Vint Hill Leadership Takes Active Role In Local Conservation

Announcements of new businesses coming to Vint Hill—from cloud-computing giant OVH to the new veterans’ care center and more—bring a sense of accomplishment to the team behind the community’s transformation. As exciting as change can be, however, there are times when keeping things just as they are brings the most satisfaction.

Recently, several members of the team behind Vint Hill finalized a deal to put more than 150 acres they own near Opal, in central Fauquier County, into a conservation easement. The move meant that 67 development rights would be replaced by the right to have one home and farm-related buildings. It also meant that more than 40 acres of wetlands and 100 acres of woodlands would be left undisturbed.

Counting the Opal land, more than 200 acres have been put into conservation easements in the last four years by members of the Vint Hill leadership team. The moves have wiped out development rights for about 200 houses, preserving pristine, open land in the process.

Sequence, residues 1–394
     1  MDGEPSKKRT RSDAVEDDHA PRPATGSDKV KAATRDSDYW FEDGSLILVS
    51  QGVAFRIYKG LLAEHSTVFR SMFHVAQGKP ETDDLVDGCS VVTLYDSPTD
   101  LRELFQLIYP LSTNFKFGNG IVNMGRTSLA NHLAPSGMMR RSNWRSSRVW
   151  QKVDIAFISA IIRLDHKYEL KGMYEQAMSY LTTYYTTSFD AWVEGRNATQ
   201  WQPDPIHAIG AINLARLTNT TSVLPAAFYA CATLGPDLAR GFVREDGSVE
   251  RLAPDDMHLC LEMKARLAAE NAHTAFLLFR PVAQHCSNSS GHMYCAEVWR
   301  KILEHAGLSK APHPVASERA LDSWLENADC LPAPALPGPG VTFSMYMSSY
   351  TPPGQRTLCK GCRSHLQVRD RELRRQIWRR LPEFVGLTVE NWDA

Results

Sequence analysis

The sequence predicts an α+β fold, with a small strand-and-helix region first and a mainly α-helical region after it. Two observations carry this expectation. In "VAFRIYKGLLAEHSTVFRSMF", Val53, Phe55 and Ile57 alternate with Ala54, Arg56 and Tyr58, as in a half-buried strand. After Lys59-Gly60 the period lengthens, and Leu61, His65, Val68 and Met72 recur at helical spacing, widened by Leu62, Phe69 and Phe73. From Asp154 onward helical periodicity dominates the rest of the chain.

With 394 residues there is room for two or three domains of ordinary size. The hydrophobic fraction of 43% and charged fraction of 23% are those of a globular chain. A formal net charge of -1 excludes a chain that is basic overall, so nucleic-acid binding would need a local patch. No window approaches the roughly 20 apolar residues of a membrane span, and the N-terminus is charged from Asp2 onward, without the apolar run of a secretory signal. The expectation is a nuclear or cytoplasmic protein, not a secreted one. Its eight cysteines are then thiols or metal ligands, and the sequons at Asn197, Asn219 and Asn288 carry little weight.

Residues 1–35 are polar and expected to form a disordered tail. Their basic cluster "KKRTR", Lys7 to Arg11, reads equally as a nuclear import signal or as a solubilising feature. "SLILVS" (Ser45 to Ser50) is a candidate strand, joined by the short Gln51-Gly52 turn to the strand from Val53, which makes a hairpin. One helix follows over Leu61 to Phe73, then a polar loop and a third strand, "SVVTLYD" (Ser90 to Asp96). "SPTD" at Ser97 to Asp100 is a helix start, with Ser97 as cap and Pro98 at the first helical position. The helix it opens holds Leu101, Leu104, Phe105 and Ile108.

In early 2016, a group finalized an agreement to preserve a 54-acre tract of former Civil War battlefield near New Baltimore. The land had been zoned for many years for housing, including 95 single-family homes and 20 apartments, and commercial development.

In November 2013, a group bought 3.6 acres at the corner of Routes 29 and 215, where the former Ted’s Tack Shack sits. That land, a potentially lucrative spot for a business serving both locals and drivers using Route 29, will not be developed.

Protecting pieces of land like these aligns with a countywide objective to protect historic sites, open space and farmland while using the most suitable land in established service districts to accommodate community services and absorb growth. And while such deals bring tax benefits to the property owners, those revenues usually pale in comparison to the amounts that commercial and residential developers would offer to build on the land.

“Preserving land like the Opal tract and the Bishop’s Run battlefield in New Baltimore helps meet the county’s goal of maintaining a rural character while accommodating growth in the right places—our service districts,” said Ed Moore, president of Vint Hill Village, LLC and a long-time Fauquier County resident. “We take our roles as land stewards very seriously, seeking to balance commercial opportunities with what aligns with the big-picture goals that our county leaders and other key stakeholders have set for our region.”